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How Autism Reinforced My Gaming Addiction


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I wanted to share my story on trying to deal with gaming addiction in relation to being autustic. As I've come to learn it is not uncommon for autustic people to be drawn into the world of video games as they can bring a lot of comfort in the form of control, routine and sometimes social interaction. This can get out of hand though if there are no boundries set or if no one is there checking in on you to help you shift focus. This is exactly what happened to me and I lost myself completely in what felt like a chore and a mind prison at the end. I continued to play games for other reasons than to become entertained and this is when I realized it had gotten out of hand.

First of all, if you don't know what autism is it's easy to find information online about it. In short: autism is a mental disorder that has varying degrees of traits and difficulties that are commonly referred to as being on the spectrum. These difficulties are categorized in three levels where 1 is the least severe and 3 is the most severe. I am a level 1 ASD which means that I function rather well in society. Most people that meet me wouldn't be able to tell that I have autism because I have a job, friends, a good family relationship and I seem to do "normal" activities. The details lie in how I perform and process all these things in life because that's where my difficulties start to show. In my case I've also worked on trying to hide many of these deviations as I've felt ashemed of them over the years. It was just recently that I discovered that I applied this strategy not to try to fit in but rather not to be pointed out as a misfit. There is a substantial difference between the two as I've come to learn.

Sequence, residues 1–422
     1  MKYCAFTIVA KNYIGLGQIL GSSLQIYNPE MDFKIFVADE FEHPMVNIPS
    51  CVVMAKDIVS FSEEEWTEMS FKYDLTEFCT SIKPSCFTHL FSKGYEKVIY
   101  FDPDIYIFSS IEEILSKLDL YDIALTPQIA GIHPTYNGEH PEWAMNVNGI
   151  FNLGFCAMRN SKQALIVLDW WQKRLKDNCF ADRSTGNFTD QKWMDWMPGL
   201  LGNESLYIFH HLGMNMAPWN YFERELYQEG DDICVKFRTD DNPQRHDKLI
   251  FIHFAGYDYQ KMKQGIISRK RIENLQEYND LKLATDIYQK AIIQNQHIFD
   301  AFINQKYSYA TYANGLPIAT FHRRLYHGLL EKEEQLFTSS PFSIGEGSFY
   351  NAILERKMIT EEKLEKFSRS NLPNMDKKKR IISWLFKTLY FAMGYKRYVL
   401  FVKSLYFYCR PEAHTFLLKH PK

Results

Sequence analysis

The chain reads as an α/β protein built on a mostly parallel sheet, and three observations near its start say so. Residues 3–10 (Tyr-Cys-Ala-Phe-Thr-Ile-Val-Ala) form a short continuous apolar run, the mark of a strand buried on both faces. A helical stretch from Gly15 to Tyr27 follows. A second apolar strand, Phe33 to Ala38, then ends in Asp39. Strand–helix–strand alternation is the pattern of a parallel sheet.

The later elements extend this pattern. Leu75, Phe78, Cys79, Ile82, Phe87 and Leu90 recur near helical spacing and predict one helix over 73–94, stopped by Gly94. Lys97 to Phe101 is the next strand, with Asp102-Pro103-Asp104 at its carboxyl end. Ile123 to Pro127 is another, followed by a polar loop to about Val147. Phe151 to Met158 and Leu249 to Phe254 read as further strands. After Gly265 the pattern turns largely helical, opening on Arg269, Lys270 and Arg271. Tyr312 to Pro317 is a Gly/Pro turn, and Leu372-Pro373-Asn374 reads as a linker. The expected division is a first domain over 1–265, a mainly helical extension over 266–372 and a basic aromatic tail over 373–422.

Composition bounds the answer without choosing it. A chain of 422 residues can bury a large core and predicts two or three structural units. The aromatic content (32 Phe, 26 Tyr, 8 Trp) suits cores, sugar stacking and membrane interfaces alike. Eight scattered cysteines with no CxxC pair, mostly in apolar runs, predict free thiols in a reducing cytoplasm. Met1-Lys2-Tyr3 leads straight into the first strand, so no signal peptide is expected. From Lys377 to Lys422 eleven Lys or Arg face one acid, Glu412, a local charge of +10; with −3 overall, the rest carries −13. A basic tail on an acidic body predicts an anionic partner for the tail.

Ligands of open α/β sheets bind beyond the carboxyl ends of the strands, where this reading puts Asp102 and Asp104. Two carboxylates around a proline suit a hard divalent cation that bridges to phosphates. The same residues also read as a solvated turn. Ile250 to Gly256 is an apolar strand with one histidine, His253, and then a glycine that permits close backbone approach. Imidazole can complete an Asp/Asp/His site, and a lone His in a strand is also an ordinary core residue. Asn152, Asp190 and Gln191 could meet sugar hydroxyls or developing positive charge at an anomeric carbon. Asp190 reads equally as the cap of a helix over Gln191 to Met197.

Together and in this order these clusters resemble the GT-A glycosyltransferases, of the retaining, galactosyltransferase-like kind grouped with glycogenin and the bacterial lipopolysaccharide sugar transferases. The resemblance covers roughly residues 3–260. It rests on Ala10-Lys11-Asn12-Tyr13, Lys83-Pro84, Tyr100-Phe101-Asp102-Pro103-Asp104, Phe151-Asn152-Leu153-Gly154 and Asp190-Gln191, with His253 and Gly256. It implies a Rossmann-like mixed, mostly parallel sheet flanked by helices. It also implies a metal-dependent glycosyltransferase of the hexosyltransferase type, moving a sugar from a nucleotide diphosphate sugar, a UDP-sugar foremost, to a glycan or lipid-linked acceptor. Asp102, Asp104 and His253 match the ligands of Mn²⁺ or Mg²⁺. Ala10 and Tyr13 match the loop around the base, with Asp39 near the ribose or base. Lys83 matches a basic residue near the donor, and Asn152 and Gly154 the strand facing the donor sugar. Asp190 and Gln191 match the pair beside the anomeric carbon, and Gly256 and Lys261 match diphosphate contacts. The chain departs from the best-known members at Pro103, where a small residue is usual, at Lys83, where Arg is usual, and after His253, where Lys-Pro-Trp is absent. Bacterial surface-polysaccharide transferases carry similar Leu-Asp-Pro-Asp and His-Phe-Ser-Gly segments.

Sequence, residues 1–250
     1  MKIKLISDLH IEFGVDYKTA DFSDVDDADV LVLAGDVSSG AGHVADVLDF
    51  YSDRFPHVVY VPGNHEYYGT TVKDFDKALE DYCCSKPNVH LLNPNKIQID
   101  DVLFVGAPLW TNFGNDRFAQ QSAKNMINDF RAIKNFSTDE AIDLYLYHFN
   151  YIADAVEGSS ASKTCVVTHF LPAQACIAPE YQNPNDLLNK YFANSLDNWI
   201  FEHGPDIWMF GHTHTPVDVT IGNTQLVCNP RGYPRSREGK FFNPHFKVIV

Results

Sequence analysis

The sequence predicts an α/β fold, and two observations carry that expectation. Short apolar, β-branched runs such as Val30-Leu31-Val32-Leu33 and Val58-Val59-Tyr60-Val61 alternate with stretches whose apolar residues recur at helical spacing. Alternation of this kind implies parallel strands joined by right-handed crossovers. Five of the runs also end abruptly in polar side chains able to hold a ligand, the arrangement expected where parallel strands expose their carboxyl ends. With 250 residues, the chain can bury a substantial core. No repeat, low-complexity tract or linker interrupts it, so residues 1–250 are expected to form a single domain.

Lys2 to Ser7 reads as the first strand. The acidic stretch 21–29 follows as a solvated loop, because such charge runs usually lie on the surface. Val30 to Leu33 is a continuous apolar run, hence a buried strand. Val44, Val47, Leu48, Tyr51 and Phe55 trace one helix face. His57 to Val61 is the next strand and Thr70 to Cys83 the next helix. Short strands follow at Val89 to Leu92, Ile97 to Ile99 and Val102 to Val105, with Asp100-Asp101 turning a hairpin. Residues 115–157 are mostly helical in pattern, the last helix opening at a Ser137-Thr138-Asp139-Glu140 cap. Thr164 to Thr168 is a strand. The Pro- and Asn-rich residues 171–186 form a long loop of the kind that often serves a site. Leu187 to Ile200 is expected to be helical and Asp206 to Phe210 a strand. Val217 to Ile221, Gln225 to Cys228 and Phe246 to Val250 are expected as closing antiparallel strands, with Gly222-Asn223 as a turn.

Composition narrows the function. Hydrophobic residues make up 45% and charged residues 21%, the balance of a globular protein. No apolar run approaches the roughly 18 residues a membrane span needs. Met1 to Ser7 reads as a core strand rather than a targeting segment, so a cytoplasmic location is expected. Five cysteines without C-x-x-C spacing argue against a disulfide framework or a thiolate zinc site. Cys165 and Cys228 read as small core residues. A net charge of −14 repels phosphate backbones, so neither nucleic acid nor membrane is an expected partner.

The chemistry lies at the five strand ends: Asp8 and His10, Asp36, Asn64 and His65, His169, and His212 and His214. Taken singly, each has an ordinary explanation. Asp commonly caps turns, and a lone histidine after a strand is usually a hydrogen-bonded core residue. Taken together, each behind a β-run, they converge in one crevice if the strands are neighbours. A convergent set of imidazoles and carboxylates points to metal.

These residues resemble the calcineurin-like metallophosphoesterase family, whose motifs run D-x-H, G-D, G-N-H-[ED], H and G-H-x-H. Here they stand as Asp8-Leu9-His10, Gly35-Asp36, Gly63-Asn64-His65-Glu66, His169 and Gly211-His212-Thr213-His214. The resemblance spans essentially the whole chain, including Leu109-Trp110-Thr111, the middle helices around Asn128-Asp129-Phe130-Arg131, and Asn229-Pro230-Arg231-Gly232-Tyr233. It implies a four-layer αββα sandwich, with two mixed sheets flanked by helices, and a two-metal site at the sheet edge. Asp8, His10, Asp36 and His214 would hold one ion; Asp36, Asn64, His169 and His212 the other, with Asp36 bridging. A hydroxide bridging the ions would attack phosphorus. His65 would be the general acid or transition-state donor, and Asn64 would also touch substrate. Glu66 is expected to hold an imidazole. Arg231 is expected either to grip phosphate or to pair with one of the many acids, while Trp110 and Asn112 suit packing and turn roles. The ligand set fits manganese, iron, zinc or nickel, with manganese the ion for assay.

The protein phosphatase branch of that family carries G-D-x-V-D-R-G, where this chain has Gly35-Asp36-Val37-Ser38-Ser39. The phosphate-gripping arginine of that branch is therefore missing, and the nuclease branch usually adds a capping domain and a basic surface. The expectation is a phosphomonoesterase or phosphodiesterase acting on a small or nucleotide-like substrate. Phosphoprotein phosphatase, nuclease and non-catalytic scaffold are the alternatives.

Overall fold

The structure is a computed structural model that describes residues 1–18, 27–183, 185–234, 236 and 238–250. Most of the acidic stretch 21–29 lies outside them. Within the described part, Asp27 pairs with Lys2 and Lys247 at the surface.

Gaming with my disorder is kind of like being in a world of absolute focus and control. It's an environment where abstract things can make sense and where progress can be easily measured. Most games have a beginning and an end and they also have challenges with rewards in-between. This puts my mind in a state where I almost certainly know that there is something good coming my way if I just put in the smallest amount of effort. And if I continue to do so I've created a very potent feedback loop that can potentially go on forever. Well until it collides with regular life that is...